Mothers of women killed in a string of murders in the Mexican city of Ciudad Juarez have had their first formal meeting with the country's president.
Many of the dead were young, poor factory workers
One mother said President Vicente Fox promised to bring those responsible to justice.
The authorities have been accused of mishandling the investigation.
Many of about 250 women killed in Cuidad Juarez over the past 10 years were factory workers snatched while travelling to and from their jobs.
"Fox gave his word... that the investigation was going to get to the bottom of these crimes," said Norma Andrade, whose 17-year-old daughter was killed in 2001.
Relatives warned that if progress was not made, they would take their case to the Inter-American Court of Justice.
There have been several arrests - but most cases were allegedly based on forced confessions and only one man has been convicted, for one of the killings.
Another mother said: "The ones they have in jail are innocent, and the ones most responsible for the crimes are those in charge of law enforcement."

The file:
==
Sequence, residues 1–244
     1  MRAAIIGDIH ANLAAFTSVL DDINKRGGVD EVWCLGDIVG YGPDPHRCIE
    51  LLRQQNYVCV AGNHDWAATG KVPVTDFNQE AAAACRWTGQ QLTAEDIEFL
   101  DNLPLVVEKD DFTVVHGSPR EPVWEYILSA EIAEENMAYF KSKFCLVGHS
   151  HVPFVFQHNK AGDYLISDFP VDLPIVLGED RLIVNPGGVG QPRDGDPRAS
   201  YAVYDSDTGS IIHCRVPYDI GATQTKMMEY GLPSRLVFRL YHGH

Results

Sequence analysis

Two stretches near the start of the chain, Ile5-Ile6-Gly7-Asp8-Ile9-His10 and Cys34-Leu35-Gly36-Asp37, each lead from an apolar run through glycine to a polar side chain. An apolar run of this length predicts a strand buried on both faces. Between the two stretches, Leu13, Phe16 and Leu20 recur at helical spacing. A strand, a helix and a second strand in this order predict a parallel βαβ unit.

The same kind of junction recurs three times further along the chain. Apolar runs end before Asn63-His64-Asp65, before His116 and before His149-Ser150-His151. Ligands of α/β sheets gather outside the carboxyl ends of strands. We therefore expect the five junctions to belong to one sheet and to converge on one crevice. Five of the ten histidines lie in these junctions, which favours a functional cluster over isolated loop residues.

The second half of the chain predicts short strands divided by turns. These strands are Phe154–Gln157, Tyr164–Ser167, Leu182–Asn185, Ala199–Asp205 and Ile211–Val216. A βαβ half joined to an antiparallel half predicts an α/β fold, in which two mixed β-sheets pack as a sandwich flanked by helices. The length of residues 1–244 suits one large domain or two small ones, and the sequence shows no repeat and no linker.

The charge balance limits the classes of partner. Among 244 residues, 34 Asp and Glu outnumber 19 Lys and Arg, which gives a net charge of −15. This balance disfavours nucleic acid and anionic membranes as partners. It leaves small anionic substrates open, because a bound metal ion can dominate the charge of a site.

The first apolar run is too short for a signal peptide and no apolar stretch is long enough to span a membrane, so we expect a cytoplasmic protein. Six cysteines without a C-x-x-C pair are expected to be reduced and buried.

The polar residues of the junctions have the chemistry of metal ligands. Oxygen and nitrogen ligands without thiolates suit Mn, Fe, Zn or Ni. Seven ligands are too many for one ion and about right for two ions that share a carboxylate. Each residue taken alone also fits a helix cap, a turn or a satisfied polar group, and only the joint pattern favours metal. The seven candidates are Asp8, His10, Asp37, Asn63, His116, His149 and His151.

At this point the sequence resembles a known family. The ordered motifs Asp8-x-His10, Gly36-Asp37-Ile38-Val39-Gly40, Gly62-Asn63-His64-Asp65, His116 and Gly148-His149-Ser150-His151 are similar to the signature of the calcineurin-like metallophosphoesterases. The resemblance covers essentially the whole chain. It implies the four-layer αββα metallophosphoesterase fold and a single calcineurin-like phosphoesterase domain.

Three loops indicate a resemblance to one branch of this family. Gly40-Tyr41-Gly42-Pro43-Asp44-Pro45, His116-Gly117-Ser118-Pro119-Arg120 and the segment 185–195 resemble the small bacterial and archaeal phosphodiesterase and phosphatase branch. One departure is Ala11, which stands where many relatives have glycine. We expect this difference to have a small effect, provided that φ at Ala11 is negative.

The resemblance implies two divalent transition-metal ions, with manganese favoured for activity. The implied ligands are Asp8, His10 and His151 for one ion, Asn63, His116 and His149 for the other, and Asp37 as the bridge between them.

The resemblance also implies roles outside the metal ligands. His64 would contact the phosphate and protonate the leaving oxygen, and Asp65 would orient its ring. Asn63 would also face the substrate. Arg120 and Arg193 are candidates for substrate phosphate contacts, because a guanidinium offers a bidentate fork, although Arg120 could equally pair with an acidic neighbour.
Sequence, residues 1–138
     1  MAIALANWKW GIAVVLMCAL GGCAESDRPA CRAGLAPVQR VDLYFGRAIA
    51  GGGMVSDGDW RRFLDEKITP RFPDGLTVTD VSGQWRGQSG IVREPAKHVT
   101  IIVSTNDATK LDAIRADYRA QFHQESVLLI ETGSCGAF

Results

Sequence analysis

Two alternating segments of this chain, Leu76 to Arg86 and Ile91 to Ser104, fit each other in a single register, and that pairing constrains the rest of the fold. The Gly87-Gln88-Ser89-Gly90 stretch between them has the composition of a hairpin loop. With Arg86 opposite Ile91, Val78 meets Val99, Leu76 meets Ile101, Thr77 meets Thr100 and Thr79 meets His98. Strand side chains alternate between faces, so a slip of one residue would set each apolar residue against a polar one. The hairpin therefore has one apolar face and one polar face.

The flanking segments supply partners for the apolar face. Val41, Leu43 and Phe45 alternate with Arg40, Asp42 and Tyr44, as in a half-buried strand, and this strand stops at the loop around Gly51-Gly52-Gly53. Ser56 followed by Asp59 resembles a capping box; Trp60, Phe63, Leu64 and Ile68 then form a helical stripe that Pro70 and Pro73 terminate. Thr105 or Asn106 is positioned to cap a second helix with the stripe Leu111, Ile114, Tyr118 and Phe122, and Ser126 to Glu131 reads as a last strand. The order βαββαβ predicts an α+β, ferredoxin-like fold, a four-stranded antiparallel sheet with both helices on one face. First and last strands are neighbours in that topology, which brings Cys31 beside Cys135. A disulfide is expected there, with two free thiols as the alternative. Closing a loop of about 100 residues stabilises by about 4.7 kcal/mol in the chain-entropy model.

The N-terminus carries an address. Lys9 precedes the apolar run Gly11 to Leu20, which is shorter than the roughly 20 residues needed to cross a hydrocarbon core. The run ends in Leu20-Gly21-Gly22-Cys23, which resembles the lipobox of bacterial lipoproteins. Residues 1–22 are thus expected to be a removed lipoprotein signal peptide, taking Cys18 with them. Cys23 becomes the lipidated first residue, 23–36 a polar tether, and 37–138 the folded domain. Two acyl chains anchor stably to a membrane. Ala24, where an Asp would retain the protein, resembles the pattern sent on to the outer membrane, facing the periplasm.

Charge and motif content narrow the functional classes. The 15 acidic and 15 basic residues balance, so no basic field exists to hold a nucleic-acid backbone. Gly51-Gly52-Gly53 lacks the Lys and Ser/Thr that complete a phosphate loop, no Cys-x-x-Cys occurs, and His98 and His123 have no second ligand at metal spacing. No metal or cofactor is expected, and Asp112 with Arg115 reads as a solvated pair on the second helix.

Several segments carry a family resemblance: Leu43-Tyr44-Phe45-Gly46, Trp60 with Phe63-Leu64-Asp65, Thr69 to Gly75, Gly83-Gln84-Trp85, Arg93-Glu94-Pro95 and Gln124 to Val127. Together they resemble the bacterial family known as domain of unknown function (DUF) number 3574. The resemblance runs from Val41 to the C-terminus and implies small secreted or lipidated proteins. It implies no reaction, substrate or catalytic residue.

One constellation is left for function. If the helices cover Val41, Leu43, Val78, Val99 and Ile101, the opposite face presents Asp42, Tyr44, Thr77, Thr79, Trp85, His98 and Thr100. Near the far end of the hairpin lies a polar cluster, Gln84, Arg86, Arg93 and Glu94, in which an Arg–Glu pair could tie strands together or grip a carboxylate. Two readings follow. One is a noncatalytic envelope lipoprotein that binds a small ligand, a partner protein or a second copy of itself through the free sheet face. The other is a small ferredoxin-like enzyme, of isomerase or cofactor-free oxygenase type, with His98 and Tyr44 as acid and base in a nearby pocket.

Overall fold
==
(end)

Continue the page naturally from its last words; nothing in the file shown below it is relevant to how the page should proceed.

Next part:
The Mexican National Human Rights Commission has issued a report condemning police negligence and denouncing a lack of political will to solve the murders.
The commission called for a special prosecutor to be appointed and for Mexico to request help from the United States Federal Bureau of Investigation.
Rights groups say Mexican authorities are in 'denial'
The murders first came to light in 1993, when bodies of dead girls were found in dusty desert graves and by roadsides in Ciudad Juarez, across the border from the US city of El Paso in Texas.
Many of the dead were poor seamstresses who worked in the city's numerous assembly lines.
Most had been brutally sexually assaulted and tortured before their deaths.
It is not known whether the murders were committed by a serial killer or killers, or if criminal gangs are involved.